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i have noticed that eclipse recently creates a .settings directory with 1 file inside and i am wondering if i should add this to version control? SVN?

also, is this new? i have been using eclipse for quite a while, but never noticed it.

the contents of the file in the directory is this:

#Sun Oct 11 14:57:03 CEST 2009
eclipse.preferences.version=1
org.eclipse.jdt.core.compiler.codegen.inlineJsrBytecode=enabled
org.eclipse.jdt.core.compiler.codegen.targetPlatform=1.6
org.eclipse.jdt.core.compiler.codegen.unusedLocal=preserve
org.eclipse.jdt.core.compiler.compliance=1.6
org.eclipse.jdt.core.compiler.debug.lineNumber=generate
org.eclipse.jdt.core.compiler.debug.localVariable=generate
org.eclipse.jdt.core.compiler.debug.sourceFile=generate
org.eclipse.jdt.core.compiler.problem.assertIdentifier=error
org.eclipse.jdt.core.compiler.problem.enumIdentifier=error
org.eclipse.jdt.core.compiler.source=1.6

shouldnt these settings be workspace-wide and not project specific?

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Good question. I think its a bit of a silly name for eclipse to choose. What happens if we already have a dir for that in our project? Most apps use their own name; e.g. .svn , .git, .hg I don't know why not .eclipse. –  JW. Feb 17 '13 at 23:34

3 Answers 3

up vote 14 down vote accepted

This file records project specific settings vs. workspace preferences.

I noticed that this file is usually created when you convert a regular Java project to Java EE project.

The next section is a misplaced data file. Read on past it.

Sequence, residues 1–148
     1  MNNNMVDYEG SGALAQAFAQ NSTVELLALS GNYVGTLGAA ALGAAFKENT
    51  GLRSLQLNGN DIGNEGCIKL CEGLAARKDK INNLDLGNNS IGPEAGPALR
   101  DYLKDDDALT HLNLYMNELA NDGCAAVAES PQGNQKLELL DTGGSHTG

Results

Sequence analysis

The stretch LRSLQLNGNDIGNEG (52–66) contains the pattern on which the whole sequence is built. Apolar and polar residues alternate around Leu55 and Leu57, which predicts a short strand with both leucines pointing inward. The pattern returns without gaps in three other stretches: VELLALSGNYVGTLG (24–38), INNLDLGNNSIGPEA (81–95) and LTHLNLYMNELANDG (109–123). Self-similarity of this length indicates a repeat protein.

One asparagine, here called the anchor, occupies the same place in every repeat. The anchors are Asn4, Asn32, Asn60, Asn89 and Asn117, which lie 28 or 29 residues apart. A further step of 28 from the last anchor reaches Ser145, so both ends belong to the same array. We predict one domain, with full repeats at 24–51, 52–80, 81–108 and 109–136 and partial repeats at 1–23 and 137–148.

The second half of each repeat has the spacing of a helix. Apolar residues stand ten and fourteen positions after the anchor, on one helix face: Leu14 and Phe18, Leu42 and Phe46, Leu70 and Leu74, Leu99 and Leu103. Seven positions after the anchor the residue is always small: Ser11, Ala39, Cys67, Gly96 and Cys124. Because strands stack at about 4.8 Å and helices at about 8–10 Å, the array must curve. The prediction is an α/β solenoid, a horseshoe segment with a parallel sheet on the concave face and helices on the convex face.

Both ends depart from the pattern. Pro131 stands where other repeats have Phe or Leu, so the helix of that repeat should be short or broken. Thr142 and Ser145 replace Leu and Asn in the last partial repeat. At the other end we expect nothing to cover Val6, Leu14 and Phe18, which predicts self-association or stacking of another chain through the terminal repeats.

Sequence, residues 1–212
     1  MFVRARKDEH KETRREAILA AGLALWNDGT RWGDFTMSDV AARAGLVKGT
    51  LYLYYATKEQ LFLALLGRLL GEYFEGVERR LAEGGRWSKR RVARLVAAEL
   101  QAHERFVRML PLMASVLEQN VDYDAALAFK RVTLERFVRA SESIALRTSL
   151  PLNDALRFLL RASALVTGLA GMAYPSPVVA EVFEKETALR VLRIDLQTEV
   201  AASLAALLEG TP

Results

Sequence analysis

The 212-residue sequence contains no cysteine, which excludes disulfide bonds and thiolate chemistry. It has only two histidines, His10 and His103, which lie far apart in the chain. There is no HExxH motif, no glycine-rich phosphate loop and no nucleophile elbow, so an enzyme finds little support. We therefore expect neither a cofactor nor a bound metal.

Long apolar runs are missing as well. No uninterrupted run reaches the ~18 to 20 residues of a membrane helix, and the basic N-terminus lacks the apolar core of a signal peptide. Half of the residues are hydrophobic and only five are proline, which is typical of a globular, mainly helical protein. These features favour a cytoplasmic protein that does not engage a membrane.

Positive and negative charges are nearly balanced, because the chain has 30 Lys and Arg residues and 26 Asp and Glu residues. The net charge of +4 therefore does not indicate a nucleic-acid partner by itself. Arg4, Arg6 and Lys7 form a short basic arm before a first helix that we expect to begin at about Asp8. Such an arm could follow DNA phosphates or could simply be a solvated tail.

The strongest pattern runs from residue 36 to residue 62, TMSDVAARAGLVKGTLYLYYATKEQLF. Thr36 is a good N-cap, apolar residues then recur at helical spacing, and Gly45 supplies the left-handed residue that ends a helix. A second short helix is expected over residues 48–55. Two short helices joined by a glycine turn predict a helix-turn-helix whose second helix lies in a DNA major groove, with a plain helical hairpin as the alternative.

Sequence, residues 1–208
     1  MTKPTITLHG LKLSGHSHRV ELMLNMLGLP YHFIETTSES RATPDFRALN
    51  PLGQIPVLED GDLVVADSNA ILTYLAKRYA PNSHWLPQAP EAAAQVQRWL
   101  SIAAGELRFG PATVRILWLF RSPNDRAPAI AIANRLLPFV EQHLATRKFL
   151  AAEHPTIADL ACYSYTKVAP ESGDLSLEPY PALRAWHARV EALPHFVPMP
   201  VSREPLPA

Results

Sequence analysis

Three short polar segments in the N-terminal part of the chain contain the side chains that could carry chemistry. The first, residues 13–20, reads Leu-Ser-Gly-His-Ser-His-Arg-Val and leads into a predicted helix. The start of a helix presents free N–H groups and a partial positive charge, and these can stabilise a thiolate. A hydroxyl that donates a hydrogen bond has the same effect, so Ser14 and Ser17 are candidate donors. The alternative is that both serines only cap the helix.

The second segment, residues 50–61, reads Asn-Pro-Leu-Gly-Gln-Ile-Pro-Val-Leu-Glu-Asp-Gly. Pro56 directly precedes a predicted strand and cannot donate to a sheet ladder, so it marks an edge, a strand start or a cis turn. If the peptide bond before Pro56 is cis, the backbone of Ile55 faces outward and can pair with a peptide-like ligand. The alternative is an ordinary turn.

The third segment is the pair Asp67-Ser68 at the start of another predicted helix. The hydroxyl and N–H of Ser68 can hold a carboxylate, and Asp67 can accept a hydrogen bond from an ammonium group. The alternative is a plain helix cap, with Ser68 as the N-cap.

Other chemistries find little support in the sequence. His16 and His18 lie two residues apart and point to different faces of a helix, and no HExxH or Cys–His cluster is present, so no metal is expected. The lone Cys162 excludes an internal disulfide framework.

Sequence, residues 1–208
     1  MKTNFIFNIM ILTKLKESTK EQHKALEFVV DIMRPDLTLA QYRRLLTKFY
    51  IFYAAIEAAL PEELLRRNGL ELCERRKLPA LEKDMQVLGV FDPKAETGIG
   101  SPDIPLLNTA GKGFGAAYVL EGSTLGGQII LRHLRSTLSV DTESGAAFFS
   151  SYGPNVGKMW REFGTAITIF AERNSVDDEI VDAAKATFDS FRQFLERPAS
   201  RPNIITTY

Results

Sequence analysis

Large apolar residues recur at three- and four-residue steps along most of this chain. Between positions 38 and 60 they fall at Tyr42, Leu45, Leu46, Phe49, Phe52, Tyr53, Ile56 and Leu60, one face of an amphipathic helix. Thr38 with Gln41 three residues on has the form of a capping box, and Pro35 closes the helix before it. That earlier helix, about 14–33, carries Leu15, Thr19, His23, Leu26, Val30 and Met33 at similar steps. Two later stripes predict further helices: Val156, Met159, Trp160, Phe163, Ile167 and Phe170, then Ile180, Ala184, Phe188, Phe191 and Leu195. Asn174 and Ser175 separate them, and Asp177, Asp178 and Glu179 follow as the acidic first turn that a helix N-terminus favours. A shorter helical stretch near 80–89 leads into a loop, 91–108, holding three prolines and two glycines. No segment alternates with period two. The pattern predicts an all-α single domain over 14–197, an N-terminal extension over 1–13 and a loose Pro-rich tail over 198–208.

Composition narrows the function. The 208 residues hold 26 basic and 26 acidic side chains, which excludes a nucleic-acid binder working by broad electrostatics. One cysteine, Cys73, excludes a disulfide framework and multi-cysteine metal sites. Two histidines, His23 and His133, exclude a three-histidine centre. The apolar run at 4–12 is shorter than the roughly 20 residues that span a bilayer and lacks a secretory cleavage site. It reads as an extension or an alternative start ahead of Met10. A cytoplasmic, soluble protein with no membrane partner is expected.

The only time I would check this file in is when the project's compiler/warning settings are different from the default workspace settings.

This may be the case when some legacy projects cannot be compiled with the latest and greatest java compiler, or when the source code generated by a 3rd party produces a lot of warnings that are benign but pollute your Problems view.

If you are going to use project specific settings, then definitely check this file in. Otherwise delete it.

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Those are project specific settings for eclipse. You do not need to include them in svn, as each users eclipse will create these when they checkout project, or they may even use another IDE and not need them. If you are the only one using the project then it won't matter if you include them though.

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10  
Personally I disagree with this. If you have a policy, for example, of only supporting Java 5 (or 1.4, etc.), then you don't want developers overriding these settings. You want to check in the files and be able to track changes to them. –  Matt Solnit Oct 11 '09 at 18:36
    
if someone actually checks them into version control, pain ensues if vcs like clearcase is used that mandates files should be read-only. Eclipse really doesn't like .settings to be read-only. Just a word of warning... –  eis Mar 6 at 14:17

The .settings folder is used by various plugins to set persistent 'Properties' as opposed to 'Prefereneces' to specify project specific settings that should be preserved.

This is usually a directory you most definitely want checked into svn/cvs/git etc as it will ensure that all users who check that project out into eclipse use the right project specific settings.

In our case we use it to supply a minimum compiler version of 5 since some devs are on Java 5 versus 6 etc but we want things compiled to 5 for our servers. We also use it to enforce some coding standards and auto-formaters which makes version diffs much easier to read.

In your specific case you selected 'Enable Project Specific Settings' under "Properties->Java Compiler" by right clicking on the project and choosing properties.

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